A Conversation with …

… Chris about his research and why he is involved with STEM outreach.

What is your current position?

I’m currently a senior data scientist working on CarMax’s pricing teams.

Where did you go to college?

I majored in physics with a minor in mathematics at Texas A&M University.

Where did you grow up?

Georgetown, TX.

What was your favorite subject in high school?

Either Latin or marching band.

Who is your STEM role model?

My undergraduate research advisor was a strong role model for me when I started my physics research and teaching. He constantly challenged me to think critically and ask good, deep questions, and demonstrated thoughtful mentoring for his students, including me. He also encouraged me to present and publish my research and gave me many significant opportunities to teach and develop course materials that have helped me greatly in my STEM outreach.

What is the focus of your research?

My research in for my PhD was on the fundamental nature of matter. To do this, I searched for nuclear decays where neutrons convert into protons and vice versa. One as-of-yet unobserved type of these decays is only possible if the neutrino has a unique property: that it is identical to its antiparticle partner, the antineutrino. If this is the case, this would allow us to understand why the neutrino is a million times less massive than an electron, and could explain how the early universe transitioned from being equal parts matter and antimatter to the matter-dominated universe we observe today. Favorite part of being a scientist (or coolest part of your job?): Having my mathematical models impact how millions of cars are bought and sold each year!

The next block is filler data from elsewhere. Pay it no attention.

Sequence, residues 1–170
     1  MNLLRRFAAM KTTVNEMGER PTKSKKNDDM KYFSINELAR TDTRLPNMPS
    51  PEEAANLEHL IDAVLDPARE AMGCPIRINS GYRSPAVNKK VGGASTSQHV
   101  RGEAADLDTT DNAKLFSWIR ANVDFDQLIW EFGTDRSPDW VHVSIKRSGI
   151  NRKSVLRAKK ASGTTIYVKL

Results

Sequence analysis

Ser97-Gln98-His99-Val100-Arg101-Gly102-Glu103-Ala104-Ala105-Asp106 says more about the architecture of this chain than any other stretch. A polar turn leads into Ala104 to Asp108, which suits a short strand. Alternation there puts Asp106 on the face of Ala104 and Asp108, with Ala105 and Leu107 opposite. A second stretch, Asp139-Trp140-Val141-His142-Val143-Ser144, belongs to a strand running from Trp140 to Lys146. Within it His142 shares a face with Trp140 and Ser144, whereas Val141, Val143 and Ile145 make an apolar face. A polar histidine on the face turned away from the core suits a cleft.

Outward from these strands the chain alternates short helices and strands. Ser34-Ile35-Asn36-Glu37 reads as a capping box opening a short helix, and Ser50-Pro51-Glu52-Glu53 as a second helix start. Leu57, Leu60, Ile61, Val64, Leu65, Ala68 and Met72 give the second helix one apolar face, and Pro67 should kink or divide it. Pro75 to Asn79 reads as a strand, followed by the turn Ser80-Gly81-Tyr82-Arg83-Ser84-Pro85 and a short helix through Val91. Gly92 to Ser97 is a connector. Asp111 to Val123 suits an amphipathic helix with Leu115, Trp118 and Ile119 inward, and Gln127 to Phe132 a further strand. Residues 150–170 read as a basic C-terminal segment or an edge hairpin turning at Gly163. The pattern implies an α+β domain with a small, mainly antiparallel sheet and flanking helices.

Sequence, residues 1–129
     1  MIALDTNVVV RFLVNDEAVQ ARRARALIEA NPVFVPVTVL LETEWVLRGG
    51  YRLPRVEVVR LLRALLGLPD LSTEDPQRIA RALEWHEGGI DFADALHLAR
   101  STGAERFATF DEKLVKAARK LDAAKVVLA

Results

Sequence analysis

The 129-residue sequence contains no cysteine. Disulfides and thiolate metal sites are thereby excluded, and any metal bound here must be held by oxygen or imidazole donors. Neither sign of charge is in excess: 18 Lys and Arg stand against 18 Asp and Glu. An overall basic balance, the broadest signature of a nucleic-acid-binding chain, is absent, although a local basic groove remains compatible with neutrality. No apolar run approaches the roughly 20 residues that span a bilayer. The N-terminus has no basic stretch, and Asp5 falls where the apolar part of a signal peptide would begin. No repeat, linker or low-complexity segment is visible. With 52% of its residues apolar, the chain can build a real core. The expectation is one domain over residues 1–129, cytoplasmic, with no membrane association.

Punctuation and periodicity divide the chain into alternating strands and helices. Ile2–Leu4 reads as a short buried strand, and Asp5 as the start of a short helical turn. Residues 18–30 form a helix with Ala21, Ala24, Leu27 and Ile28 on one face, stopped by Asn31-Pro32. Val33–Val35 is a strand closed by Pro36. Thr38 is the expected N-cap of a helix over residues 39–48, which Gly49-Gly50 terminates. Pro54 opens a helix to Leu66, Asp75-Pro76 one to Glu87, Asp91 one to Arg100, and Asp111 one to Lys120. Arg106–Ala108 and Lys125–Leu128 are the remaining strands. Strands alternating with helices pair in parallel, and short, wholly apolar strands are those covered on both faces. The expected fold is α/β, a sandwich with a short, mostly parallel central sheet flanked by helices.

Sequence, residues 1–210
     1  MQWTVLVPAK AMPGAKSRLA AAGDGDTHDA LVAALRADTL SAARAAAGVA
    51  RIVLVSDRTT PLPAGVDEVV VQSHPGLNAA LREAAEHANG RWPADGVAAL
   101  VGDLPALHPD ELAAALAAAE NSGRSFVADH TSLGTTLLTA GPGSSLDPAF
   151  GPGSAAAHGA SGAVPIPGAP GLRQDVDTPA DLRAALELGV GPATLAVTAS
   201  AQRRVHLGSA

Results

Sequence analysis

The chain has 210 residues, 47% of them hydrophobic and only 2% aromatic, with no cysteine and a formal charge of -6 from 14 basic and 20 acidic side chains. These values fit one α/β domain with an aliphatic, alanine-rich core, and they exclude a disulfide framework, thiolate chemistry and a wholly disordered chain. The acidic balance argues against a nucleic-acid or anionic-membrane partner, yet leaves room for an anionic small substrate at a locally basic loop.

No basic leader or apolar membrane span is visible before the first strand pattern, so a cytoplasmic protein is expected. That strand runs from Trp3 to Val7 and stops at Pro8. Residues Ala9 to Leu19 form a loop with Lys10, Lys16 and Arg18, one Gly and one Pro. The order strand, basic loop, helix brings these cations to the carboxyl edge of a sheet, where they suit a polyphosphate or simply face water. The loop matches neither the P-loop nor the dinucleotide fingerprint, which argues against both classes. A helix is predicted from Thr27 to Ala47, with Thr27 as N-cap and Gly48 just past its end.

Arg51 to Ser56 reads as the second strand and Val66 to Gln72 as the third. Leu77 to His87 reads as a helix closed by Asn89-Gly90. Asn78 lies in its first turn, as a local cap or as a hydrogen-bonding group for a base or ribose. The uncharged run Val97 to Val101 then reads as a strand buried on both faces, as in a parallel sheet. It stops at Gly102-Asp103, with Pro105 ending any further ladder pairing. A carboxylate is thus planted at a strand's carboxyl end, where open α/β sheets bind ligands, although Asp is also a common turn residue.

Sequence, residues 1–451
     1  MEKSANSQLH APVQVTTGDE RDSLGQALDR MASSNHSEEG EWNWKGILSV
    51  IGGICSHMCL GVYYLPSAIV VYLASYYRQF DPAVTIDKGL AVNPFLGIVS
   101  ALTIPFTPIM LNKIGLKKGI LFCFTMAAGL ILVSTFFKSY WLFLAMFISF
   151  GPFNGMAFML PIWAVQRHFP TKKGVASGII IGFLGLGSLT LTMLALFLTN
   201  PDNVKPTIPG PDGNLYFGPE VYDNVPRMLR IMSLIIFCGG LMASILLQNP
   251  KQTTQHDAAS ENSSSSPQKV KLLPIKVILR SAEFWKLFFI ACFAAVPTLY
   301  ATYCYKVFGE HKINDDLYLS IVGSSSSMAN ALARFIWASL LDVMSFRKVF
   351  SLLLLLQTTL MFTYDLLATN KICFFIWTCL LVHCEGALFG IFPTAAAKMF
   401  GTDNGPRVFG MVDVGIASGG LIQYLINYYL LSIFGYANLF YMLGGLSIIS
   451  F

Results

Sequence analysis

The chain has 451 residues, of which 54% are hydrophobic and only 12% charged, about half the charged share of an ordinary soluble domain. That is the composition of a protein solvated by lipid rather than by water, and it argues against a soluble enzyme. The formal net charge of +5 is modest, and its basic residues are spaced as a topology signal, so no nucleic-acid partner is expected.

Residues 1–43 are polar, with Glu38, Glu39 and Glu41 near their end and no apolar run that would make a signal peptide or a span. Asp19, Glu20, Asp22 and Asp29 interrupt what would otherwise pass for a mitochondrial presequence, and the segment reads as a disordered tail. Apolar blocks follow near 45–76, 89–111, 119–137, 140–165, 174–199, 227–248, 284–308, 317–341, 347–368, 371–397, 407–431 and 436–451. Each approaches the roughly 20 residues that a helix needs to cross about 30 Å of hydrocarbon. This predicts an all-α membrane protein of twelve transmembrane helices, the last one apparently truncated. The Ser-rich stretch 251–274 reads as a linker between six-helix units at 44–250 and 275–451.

Why did you pick a STEM major?

I was always strong in math growing up and competed in multiple state and national contests. At the same time, I was always curious as to knowing why things worked the way they did, and was never really satisfied with the explanations I got from my high school teachers. Physics then seemed like the right choice for me, and I was hooked quickly in undergrad. From the amazing physics demos I was able to perform with liquid nitrogen to how excited I was to take quantum physics (after making it through somewhat “boring” introductory courses), I never regretted my choice of major.

What is your favorite part about doing STEM outreach?

It’s the best chance to show off the cool stuff we can do! Blowing up a liquid nitrogen depth charge is something that would normally be frowned upon, but, when you do it for a rapt audience to excite them about STEM, suddenly it becomes totally okay!

What is a fun fact about you?

I’ve traveled to Antarctica!

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